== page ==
Nobody Puts Baby In A Cage
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Listerine. It’s the green mouth wash that burns and promises to 99.9% of all germs. It is a part of many people’s daily routines but what most people don’t realize is that they are rinsing their mouth out with floor cleaner.
Listerine was invented by a doctor named Joseph Lawrence as an antiseptic that would help sterilize surgical equipment. It wasn’t immediately a commercial success, so the solution was diluted and sold as a powerful floor cleaner for tile floors. It wasn’t until the 1920’s when dentists began diagnosing patients that had bad breath with an obscure affliction known as “Chronic halitosis”. Bad breath has always existed, but it wasn’t something people worried about until dentists started using bad breath as a scare tactic to get people to brush more.
Capitalizing on people’s fear of bad breath, Listerine shifted their focus from floor cleaners to mouth washes that kill the bad smelling bacteria in the mouth. They heavily marketed Listerine as the only cure for bad breath and frequently featured ads with some people being social outcasts for having bad breath and others being cool for having fresh breath.
A common saying is that “the floors are so clean that you can eat off them”. In the 1920’s the floors were cleaned with the same thing that you cleaned your mouth with which adds credibility to those claims.
Taking care of children is hard and it seems like everyone has a different opinion on what to do and what not to do. One thing that most parents agree on is that it is probably not a good idea to toss a baby out of an open window, although, some parents in 1930’s London would disagree.
An 1884 book on parenting called The Care and Feeding of Children claimed that children need to be “aired” to “renew and purify the blood”. Being “aired” simply meant that children need fresh air to be refreshed and to avoid getting sick (not to crazy). Problem is, families living in a major city didn’t have a lot of access to outdoor spaces in their small city apartments, so they needed to find a clever solution to get their babies fresh air.
Fortunately, a 1922 invention would allow for babies to be exposed to fresh air while remaining close to home. The invention was called the “baby cage” and it looked just like it sounds. It was a small cage, like a chicken coop, that comfortably fit a baby or a small toddler. In order to provide babies with enough fresh air, the baby cage was designed to hang out of apartment windows like an air conditioner. Parents would put their babies in a wire cage and hang them out of their apartment windows “for their health”. The baby cage grew in popularity from the time of its release and it was very common to see young babies suspended in cages over the London streets. To the credit of the inventor, there are no recorded incidents of babies falling out of the cages.
We are sure being suspended 15 stories in the air at such an early age had no negative affects on the baby’s psyche. Their irrational fear of heights and pigeons was probably caused by something completely different.
Happy thanksgiving from the HumpDay family to yours! Whether you are celebrating with your family or celebrating with your friends, you probably celebrating wrong…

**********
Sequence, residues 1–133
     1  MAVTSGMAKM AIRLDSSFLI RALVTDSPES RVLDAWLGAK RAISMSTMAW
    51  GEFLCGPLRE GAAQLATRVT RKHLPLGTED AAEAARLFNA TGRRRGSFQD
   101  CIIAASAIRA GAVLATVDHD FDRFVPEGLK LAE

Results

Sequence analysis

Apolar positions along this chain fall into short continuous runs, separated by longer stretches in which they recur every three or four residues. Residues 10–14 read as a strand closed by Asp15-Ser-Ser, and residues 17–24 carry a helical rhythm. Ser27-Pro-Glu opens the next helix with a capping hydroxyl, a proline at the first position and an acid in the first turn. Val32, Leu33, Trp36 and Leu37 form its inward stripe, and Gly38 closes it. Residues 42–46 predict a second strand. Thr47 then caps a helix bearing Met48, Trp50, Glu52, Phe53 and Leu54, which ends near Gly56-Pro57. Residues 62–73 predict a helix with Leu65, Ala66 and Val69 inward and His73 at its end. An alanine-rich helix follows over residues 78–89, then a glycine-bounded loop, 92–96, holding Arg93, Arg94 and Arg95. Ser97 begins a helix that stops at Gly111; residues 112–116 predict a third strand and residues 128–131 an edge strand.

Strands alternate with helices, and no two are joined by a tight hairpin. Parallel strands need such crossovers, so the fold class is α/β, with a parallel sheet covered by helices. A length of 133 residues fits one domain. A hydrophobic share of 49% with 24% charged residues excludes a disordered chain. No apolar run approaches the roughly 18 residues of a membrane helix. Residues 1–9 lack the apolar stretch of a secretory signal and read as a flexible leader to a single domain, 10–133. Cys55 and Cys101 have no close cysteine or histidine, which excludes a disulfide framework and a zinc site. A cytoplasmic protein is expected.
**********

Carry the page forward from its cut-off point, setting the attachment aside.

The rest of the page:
The first thanksgiving was held in Plymouth, MA nearly 400 years ago. The English pilgrims that had fled to the new world to escape religious persecution shared a meal with the local native American tribe, the Wampanoag. Rather than a one-day feast, the pilgrims and Wampanoag feasted for 3 straight days. That isn’t the only difference between the original and modern thanksgiving.
For starters, the feast that is fondly remembered as a unifying event between the English settlers and the natives wasn’t unifying at all. In fact, the pilgrims and the Wampanoag were often at odds with each other and were constantly fighting, so they didn’t eat the feast together out of a shared distaste for one another. In addition, they were not celebrating everything that they were thankful for, instead they were simply feasting because the fall harvest had been completed and there was a ton of food to go around.
The staple thanksgiving foods we know and love today were not at the table at the first thanksgiving. There are accounts of the pilgrims going hunting for “fowl” but no mention of turkey anywhere, instead the main course was venison (deer meat). Potatoes had not yet been introduced to Europe let alone North America so there was no mashed or sweet potatoes. Cranberries are native to Massachusetts and were featured at dinner but not in the can-shaped cranberry sauce form that we have today. Bizarrely to most Americans celebrating thanksgiving, dinner included several seafood dishes that we don’t normally associate with thanksgiving like mussels, lobsters, and eels pulled fresh from cape cod bay.
Although the original thanksgiving wasn’t the peaceful, joyous, turkey filled event that we learned about in elementary school, the spirit of the original event still lives on. Like the pilgrims, we still eat way too much, hang out with people that we may have a little hostility toward, and drink beer while watching football. Somethings never change. Happy Thanksgiving!
This Week in History
On this week in 1095, Pope Urban II called all Christians to begin the first crusade which started 600 years of wars in Europe and western Asia. The first crusade was fought between members of the Roman Catholic Church and Muslims living in the “Holy Lands” in modern day Israel and Palestine. The central of the first crusade was the battle for Jerusalem, the site of the death of Jesus Christ. Although it claimed to be in god’s name, the first crusade is one of the deadliest events in human history claiming nearly 3 million lives.
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